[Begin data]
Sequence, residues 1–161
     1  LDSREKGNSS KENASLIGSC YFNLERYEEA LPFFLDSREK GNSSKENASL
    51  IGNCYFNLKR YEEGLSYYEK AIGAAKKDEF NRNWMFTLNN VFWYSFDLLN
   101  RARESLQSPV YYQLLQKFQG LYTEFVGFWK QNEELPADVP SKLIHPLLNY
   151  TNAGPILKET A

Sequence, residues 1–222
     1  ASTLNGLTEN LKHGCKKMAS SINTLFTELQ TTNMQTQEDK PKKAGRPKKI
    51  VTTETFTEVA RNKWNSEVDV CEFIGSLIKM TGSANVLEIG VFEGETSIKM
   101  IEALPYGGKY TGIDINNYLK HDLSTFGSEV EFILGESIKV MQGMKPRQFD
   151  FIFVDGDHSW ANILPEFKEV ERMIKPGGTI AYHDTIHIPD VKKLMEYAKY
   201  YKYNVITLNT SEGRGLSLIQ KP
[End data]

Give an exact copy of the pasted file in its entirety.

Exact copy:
Sequence, residues 1–161
     1  LDSREKGNSS KENASLIGSC YFNLERYEEA LPFFLDSREK GNSSKENASL
    51  IGNCYFNLKR YEEGLSYYEK AIGAAKKDEF NRNWMFTLNN VFWYSFDLLN
   101  RARESLQSPV YYQLLQKFQG LYTEFVGFWK QNEELPADVP SKLIHPLLNY
   151  TNAGPILKET A

Sequence, residues 1–222
     1  ASTLNGLTEN LKHGCKKMAS SINTLFTELQ TTNMQTQEDK PKKAGRPKKI
    51  VTTETFTEVA RNKWNSEVDV CEFIGSLIKM TGSANVLEIG VFEGETSIKM
   101  IEALPYGGKY TGIDINNYLK HDLSTFGSEV EFILGESIKV MQGMKPRQFD
   151  FIFVDGDHSW ANILPEFKEV ERMIKPGGTI AYHDTIHIPD VKKLMEYAKY
   201  YKYNVITLNT SEGRGLSLIQ KP